It was 2:45 pm and I had arrived early for the Afternoon Tea Service at The Peninsula Hotel in Chicago. From the moment you walk in, you sense something different, elegant. You get the feeling that if you simply think of a request, someone would appear to fulfill it without any further effort on your part. Continue reading
My goal is to visit 50 Afternoon Teas/High Teas over the next two years.
If you’re looking for unbiased journalism or a critical review site, sadly, you won’t find it here. Why? Because there just aren’t too many things we don’t like about afternoon tea.
Let me also briefly clarify that High Tea and Afternoon Tea are, in fact, two very different things. Afternoon Tea has a 19th century English-aristocratic origin and evolved into a social gathering that included light food to tide one over between lunch and the evening meal. High Tea is generally served later in the day with “heavier” foods and is considered a replacement for the evening meal.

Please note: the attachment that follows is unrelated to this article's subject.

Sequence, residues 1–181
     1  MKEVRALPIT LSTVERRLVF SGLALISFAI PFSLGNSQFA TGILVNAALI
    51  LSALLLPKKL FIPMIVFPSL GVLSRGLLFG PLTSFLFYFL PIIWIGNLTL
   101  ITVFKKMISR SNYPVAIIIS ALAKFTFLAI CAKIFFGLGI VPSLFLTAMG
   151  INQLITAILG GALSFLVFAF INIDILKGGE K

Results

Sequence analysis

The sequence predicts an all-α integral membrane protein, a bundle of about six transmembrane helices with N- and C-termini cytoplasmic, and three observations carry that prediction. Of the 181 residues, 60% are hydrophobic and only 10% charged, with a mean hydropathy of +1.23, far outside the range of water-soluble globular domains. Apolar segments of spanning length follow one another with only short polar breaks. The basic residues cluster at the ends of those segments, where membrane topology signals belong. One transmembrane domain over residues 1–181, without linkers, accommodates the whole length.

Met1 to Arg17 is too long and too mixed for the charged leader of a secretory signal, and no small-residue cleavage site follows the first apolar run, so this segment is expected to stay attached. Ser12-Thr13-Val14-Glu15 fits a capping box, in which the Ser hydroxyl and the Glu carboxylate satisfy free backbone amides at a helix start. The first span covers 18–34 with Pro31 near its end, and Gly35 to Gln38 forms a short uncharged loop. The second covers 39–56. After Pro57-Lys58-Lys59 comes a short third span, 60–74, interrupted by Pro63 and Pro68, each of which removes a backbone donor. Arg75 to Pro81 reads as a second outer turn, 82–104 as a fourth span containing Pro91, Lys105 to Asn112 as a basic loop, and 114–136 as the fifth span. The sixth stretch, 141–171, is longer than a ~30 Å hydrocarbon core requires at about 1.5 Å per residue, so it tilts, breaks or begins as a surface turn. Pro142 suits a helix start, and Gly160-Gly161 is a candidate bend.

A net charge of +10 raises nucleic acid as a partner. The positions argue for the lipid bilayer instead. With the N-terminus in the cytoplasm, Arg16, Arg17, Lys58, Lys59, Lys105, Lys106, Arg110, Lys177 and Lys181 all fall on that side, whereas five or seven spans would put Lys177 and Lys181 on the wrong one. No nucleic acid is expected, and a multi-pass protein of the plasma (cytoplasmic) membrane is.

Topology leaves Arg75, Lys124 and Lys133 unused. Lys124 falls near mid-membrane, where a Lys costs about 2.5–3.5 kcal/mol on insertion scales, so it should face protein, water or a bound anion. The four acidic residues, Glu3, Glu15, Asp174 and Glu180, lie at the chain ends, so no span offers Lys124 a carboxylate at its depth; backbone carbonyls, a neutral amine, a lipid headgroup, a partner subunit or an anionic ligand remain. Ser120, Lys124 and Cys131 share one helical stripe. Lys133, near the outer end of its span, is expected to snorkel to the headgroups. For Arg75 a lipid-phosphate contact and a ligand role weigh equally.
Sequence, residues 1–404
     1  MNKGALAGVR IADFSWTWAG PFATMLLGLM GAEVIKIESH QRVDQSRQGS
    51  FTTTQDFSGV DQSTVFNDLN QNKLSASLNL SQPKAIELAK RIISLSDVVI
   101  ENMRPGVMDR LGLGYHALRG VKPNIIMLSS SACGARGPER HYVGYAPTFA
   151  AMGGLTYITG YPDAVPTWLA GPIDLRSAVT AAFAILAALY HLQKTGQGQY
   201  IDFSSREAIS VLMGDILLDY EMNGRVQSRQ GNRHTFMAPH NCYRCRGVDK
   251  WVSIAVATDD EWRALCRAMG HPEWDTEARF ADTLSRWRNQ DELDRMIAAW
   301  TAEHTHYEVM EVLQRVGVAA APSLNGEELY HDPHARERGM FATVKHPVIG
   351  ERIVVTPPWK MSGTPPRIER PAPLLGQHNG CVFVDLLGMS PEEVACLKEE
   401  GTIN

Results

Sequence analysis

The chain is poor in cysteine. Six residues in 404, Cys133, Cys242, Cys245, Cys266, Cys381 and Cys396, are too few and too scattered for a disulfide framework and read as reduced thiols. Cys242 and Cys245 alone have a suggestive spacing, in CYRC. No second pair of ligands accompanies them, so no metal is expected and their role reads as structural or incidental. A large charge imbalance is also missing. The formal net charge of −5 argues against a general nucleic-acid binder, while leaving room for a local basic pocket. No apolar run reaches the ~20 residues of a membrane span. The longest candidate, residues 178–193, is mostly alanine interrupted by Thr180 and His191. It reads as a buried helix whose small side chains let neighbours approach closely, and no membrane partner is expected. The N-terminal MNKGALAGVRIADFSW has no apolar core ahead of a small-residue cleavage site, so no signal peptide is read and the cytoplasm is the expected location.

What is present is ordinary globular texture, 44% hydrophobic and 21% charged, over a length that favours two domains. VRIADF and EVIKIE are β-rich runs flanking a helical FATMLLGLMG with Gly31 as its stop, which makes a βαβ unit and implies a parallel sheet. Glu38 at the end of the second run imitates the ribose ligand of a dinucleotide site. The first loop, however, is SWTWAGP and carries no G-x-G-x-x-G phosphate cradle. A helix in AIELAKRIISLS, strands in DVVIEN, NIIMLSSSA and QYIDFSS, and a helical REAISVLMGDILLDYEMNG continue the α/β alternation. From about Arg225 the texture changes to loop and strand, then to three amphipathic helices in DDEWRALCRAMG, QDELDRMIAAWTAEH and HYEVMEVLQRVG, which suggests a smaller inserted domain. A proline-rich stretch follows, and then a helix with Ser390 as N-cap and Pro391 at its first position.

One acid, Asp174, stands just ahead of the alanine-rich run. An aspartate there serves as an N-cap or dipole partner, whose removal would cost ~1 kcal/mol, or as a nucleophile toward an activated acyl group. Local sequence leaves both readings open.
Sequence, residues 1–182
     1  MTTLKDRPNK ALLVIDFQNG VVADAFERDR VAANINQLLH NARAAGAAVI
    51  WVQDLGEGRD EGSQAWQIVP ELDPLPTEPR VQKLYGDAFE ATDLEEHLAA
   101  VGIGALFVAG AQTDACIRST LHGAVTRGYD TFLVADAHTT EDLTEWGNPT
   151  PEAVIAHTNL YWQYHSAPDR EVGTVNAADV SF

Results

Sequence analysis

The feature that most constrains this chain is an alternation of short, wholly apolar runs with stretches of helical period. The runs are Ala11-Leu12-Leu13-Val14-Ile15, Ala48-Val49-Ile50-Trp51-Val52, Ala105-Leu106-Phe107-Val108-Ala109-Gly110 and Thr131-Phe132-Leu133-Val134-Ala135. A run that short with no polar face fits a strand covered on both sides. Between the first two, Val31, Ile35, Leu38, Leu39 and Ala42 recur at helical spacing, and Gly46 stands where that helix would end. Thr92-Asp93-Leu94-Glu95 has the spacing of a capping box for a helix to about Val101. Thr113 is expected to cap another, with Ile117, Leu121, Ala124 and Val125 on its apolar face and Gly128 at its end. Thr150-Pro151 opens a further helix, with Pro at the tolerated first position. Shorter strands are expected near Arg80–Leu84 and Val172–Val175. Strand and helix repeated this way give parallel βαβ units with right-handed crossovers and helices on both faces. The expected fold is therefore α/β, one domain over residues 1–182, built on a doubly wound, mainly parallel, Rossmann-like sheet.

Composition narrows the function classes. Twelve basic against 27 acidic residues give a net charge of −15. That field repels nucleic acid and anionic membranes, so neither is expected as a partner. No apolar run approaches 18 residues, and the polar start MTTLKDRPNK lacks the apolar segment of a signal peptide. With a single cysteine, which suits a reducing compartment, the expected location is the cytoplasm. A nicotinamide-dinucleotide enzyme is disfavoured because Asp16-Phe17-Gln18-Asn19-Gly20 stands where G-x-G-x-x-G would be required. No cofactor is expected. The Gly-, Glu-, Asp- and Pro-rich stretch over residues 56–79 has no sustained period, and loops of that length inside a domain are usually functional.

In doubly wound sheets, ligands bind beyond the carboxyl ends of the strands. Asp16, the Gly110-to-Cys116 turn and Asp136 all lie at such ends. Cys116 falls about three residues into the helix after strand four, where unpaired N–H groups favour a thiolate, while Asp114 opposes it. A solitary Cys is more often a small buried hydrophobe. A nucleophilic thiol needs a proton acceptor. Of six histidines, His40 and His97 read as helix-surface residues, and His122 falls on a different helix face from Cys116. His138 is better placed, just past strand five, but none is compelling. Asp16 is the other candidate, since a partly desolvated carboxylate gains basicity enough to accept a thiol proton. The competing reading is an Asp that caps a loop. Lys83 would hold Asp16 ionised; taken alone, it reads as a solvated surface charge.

Outside, it was warm and humid – unusual for an early autumn afternoon in Chicago. As I arrived at the Drake Hotel and proceeded into the hotel lobby, I couldn’t help but relax after sensing the palpable calm inside. Leaving the noise of the city behind, the interior of the Drake was a welcome oasis.
As I walked up a short flight of stairs, I could already hear faint harp music drifting through the air. “Afternoon Tea, Sir?” “Yes,” I said, “Thank you.” I was shown to my table and immediately began to unwind.
The Drake Hotel is located on Chicago’s Magnificent Mile overlooking Lake Michigan and was built in 1920, designed in the Italian Renaissance style. Visitors to Chicago are often advised to take Afternoon Tea at the Drake as one of the not-to-be-missed things to do in the city. Past visitors to the hotel include Winston Churchill, Prince Charles and Princess Diana, Elizabeth Taylor, Judy Garland, and Frank Sinatra. Continue reading